AQF Views & Voices: Policy & Practice

AQF Views & Voices: Policy & Practice

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Four Benefits of an International Internship in Ras al Khaimah

Callum Printsmith

 

Having interned at the research department of the Al Qasimi Foundation in the autumn of 2018, I wanted to record the key things I took away from this experience to help both current students looking for summer internship opportunities abroad, and graduates who were in a similar situation as me after graduating from university.

The Foundation’s headquarters situated on the Ras Al Khaimah mangroves makes for some spectacular scenic walks on your lunch break!

Over the course of my final year at the University of Cambridge, I had cultivated an interest for the Middle East through modules I took about the history, culture, and politics of the region, and upon my graduation I knew I wanted to satiate these interests in a more professional context. After a few hours of scouring the Internet for policy opportunities and think tanks in the Middle East, I was led to the Foundation’s work. Listed as one of the leading think tanks in the Middle East and North Africa, I decided to pursue the internship program to professionalize my interest both in the Middle East and to help me prepare myself for a future career in policy.

Now having had that three months of experience behind me, I can confidently say that traveling to Ras Al Khaimah to work with the Al Qasimi Foundation was one of the best decisions I could have made as a recent graduate, both for my personal and professional development. Not only did I broaden my perspective and knowledge of policy areas, but I also gained insight into a completely different culture, which has in turn given me a global mindset: not the type you can get from reading a travel book at home.

 

 Here are four key advantages to undertaking an internship in Ras Al Khaimah that you should consider:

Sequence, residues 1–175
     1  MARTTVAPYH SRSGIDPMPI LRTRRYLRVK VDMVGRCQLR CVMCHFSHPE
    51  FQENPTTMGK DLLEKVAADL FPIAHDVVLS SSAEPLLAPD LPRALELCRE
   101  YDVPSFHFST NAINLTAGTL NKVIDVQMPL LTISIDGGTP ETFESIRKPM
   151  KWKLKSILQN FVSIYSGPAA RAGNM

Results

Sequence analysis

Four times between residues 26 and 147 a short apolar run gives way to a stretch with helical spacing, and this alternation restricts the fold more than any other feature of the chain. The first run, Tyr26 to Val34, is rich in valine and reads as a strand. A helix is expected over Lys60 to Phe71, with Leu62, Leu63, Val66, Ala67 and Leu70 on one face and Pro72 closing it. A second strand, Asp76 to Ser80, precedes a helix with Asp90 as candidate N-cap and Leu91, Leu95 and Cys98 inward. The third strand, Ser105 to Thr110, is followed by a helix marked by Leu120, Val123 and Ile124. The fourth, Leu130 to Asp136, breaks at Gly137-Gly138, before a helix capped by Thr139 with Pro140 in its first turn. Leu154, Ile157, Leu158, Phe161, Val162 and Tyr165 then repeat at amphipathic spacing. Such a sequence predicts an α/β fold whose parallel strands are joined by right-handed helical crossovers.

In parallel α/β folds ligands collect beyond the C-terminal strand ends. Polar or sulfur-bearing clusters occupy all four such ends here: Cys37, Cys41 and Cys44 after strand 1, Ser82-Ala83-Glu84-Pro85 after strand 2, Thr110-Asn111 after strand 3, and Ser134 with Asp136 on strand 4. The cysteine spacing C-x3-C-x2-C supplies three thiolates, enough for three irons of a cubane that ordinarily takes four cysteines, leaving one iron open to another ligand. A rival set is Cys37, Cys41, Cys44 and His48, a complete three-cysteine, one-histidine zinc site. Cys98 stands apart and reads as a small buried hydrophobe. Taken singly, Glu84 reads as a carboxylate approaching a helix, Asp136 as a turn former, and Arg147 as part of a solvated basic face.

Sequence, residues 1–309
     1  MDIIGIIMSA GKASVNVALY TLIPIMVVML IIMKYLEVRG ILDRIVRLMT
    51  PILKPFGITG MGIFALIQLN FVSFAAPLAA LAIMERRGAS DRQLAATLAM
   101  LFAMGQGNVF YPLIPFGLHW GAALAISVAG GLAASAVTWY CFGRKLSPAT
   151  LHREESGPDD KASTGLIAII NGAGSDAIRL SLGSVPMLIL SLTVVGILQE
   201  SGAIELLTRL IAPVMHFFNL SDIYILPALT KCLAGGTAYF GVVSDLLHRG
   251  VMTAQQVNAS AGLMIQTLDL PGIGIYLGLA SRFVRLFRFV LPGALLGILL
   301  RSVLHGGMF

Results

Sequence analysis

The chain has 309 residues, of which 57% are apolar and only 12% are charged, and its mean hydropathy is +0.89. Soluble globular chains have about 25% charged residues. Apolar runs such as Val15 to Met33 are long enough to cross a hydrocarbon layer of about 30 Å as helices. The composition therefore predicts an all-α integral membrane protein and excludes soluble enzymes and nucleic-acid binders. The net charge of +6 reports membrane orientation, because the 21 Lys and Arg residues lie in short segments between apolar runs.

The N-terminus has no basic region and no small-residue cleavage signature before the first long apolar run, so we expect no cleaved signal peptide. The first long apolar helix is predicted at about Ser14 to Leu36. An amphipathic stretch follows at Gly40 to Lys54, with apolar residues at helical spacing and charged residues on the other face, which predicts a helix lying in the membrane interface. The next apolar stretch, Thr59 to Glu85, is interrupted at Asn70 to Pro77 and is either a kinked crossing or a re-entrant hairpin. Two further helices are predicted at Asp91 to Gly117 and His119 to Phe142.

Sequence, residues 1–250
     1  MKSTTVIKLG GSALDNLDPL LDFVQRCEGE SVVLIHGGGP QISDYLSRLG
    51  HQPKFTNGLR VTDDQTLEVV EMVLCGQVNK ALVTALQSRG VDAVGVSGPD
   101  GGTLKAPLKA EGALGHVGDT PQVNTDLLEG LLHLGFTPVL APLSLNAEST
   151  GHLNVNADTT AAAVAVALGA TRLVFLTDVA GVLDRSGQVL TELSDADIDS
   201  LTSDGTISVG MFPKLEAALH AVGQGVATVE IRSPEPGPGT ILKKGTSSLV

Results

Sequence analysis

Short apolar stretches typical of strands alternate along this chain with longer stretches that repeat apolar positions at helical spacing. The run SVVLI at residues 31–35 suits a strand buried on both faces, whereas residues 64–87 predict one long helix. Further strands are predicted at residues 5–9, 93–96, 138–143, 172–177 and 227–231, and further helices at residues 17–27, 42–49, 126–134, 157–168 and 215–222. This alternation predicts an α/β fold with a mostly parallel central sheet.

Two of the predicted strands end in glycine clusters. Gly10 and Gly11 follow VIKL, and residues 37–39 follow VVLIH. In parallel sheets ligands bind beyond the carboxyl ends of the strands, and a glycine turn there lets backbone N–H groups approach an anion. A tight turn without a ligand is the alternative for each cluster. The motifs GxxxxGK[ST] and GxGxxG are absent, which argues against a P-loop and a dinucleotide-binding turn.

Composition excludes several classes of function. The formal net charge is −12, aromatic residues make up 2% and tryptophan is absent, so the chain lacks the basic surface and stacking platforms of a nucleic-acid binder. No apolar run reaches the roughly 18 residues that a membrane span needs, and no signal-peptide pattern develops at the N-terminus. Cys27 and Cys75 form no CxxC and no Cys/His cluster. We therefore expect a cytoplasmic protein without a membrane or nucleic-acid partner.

1. I gained a global mindset and have improved my intercultural communication skills

Since completing my internship, I have learned that having a global mindset is highly valued by employers and a vast range of industries, including policy, business, public relations, and the arts. At each of the job interviews I attended after my time in Ras Al Khaimah, the first thing that is always commented on is my time and experiences in the UAE. This is because employers want to hire people who have a proven ability to think outside the box, who are open-minded, and are able to think on a global scale. After my time at the Foundation, I am able to tick all of those boxes.

 

 

 During the first week of my internship, I was given the opportunity to attend a seminar on intercultural communication, which broadened my perspective of underlying cultural differences between the Gulf and the West, such as differing concepts of time and courtesy. Having been subsequently offered an internship within the Anglo-Omani Society based in London - a job that requires a high skill level in intercultural communication - I believe my success in getting this offer was due to the cultural comprehension I cultivated in Ras Al Khaimah.

Some of the staff at the Foundation were kind enough to take me on an outing one weekend to Jebel Jais, the tallest mountain in the UAE and one of Ras Al Khaimah’s many tourist attractions.

2. I was part of shaping the future development of the Emirates

 I valued being tasked with salient policy-related work from the very beginning of my internship. Since the UAE is continually seeking to improve educational outcomes and to modernize educational practices, work at the Foundation on education policy and educational psychology felt especially relevant. It was exciting to work on projects directly relevant to the development of Ras Al Khaimah and the wider region whilst also travelling through these locations and learning about them first hand.

 My key responsibility was to do background research on fatherhood in the Middle East as well as on childhood self-esteem and how this affects their education at school. I was also tasked with survey design to support the live research projects at the Foundation, and helped to coordinate a global symposium on parental involvement held in Dubai through identifying potential contacts and leading the call for papers.